Posts

The role of sprint training for endurance athletes

Over the past few years speed development sessions have gained traction amongst endurance coaches. Successful endurance coaches of all levels—from high school to post-collegiate– are adding true speed development sessions to their year-round training regimen. I’ve had the opportunity to coach and consult with several top distance coaches, allowing me to see how speed development sessions can be incorporated into various systems and philosophies throughout the year. Read more

HMMR Podcast Episode 154: Force and velocity (with JB Morin)

Strength, power and speed are all related, but the relationship is more complex than it seems. Leading sports scientist JB Morin has dedicated his research to finding out more about the relationship, what coaches can learn from it, and how that can make training better. On this week’s episode of the podcast, he joins us to discuss force-velocity profiling, transfer of training, and many more aspects of getting faster. Read more

HMMR Podcast Episode 153: Sprinting myths (with Brian FitzGerald)

When it comes to high school sprinting, few can match the credentials of Brian FitzGerald. The 2016 USA Today national track coach of the year has led athletes to California state titles in each of the past four decades, including athletes named Athlete of the Year by Track and Field News. When coaching beginners it is important to know the basics. It is also important to know the myths that people wrongly pass off as the basics. On this episode FitzGerald dispels some of those myths and explains his five-step approach to teaching sprint mechanics. Read more

GAINcast Episode 115: Train speed in

Much of what is called speed training has the opposite effect of what we want. Rather than training speed in, things like wind sprints simply train speed out. You have to express speed in a climate of fatigue, but you don’t develop it in a climate of fatigue. On this episode of the GAINcast, Vern discusses his approach to training speed for team sports, balancing different types of speed training, and examples of how micro doses of speed work can work wonders. Read more

Another classic resource

In July of 1986 I flew into Tucson to visit Anne E. “Betty” Atwater, a professor of Biomechanics at University of Arizona, in order to pick her brain about throwing. This was an area where she had done some landmark research on pitching mechanics in the late 1970s. I previously had the opportunity to work with Betty on the biomechanical analysis of sprinters and hurdlers in preparation for the 1984 Olympic games. In our conversation, she recommended a book that changed my paradigm in regard to strength training and the use of isometric and eccentric work. Read more

GAINcast Episode 89: How Speed Happens (with Peter Weyand)

There are some basic questions out there that are difficult to answer, such as what limits human running speed. As technology advances, scientists can better study and start to answer this and other simple questions like what makes one athlete faster than another. Dr. Peter Weyand has spent decades researching locomotion on both animals and humans. His work with elite sprinters has brought some interesting conclusions and is driving the field forward. On this episode of the GAINcast he joins us to discuss his research and its practical implications. Read more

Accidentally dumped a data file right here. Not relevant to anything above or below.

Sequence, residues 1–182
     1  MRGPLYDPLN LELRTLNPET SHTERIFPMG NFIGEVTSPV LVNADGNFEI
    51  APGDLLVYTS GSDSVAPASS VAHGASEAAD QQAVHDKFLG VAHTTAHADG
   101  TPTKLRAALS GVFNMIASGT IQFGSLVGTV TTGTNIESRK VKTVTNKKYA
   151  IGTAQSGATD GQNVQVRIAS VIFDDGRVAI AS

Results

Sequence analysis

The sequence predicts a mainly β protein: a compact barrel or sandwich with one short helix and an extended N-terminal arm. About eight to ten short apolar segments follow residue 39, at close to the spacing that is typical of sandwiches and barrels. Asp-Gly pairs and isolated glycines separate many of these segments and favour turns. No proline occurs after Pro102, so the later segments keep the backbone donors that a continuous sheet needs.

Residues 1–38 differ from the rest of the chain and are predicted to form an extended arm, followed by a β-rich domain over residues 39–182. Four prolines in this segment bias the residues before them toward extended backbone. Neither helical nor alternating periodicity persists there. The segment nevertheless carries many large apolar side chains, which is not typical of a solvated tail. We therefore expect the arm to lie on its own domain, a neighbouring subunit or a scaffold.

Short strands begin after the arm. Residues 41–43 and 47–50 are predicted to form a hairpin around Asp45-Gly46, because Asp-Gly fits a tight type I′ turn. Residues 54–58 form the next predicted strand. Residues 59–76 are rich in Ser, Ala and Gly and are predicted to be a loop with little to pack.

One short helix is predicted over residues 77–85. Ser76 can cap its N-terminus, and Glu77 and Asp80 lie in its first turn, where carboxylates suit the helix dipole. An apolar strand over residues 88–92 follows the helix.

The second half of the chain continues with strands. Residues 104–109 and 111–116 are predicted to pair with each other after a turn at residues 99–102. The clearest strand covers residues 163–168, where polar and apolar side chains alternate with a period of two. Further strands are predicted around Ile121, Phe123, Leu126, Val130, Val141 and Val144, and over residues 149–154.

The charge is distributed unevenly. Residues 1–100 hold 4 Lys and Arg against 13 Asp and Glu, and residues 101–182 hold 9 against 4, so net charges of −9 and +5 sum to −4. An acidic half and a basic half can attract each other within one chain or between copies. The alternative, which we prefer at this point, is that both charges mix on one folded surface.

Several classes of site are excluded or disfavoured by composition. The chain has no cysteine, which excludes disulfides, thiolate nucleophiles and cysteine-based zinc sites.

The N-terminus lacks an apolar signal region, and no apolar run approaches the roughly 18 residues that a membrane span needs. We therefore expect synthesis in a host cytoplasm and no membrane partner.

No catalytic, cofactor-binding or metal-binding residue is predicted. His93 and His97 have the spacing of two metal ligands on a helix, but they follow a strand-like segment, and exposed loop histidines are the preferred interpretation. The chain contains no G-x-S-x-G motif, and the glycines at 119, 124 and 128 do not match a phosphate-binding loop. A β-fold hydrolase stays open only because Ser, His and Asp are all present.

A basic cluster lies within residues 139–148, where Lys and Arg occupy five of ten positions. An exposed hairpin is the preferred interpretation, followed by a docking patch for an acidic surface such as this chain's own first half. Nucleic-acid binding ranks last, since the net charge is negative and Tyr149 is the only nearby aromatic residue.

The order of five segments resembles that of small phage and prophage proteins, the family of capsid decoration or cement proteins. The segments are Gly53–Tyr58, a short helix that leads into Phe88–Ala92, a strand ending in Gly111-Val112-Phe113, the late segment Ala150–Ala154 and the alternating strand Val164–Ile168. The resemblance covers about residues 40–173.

3 Reasons the Hammer Throw is Unique

We all know that hammer throwers are a bit different, but the event itself also stands out among track and field disciplines in several manners that you might not realize. First off it requires a unique combination of physical characteristics such as speed, strength, power, coordination, and agility. However more importantly the way the sport is set up makes it different. These differences can also have an large impact on how you approach training and technique. Below are three ways the hammer throw really stands out and some initial thoughts on how that could affect training. Read more

Why Did Usain Bolt Lose?

Athletics fans love statistics, and I’m no different, which is why it was so exciting to hear that the IAAF and Leeds Becket University were to collaborate on a biomechanics project at the recent World Championships, giving us some insight into what makes up a world class performance in athletics. As the Championships finished last weekend, the first initial reports were released for the men’s 100m and 10,000m, men’s discus final, and women’s pole vault final, which you can find here. The extended analysis will come in time, but the initial analysis does contain plenty of interesting bits of information. As my athletics knowledge is primarily limited to the sprints, that is where I’ll focus. The initial report itself does a great job of presenting the pertinent points, but I hope to add a little extra context where possible. Read more

HMMR Podcast Episode 94: Multi-Directional Speed (with Ken Clark)

Speed is key in every sport, but not all speed is created equal. In many sports, maximum speed is not the game changer. Instead, it is how fast you can respond to the opponent, change direction, and get moving again. In other words, multi-directional speed is often more important than linear speed. On this episode of the podcast professor Ken Clark explains the three elements of multi-directional speed, how it differs from other types of speed, and strategies to improve it. Read more

GAINcast Episode 55: Technical Models

Technical models are often what we turn to when we develop an athlete’s technique. How do we develop models? And how do we adapt them to the athlete? On this week’s episode Vern looks at how technical models fit into training and what steps coaches need to take to get the most out of them. Read more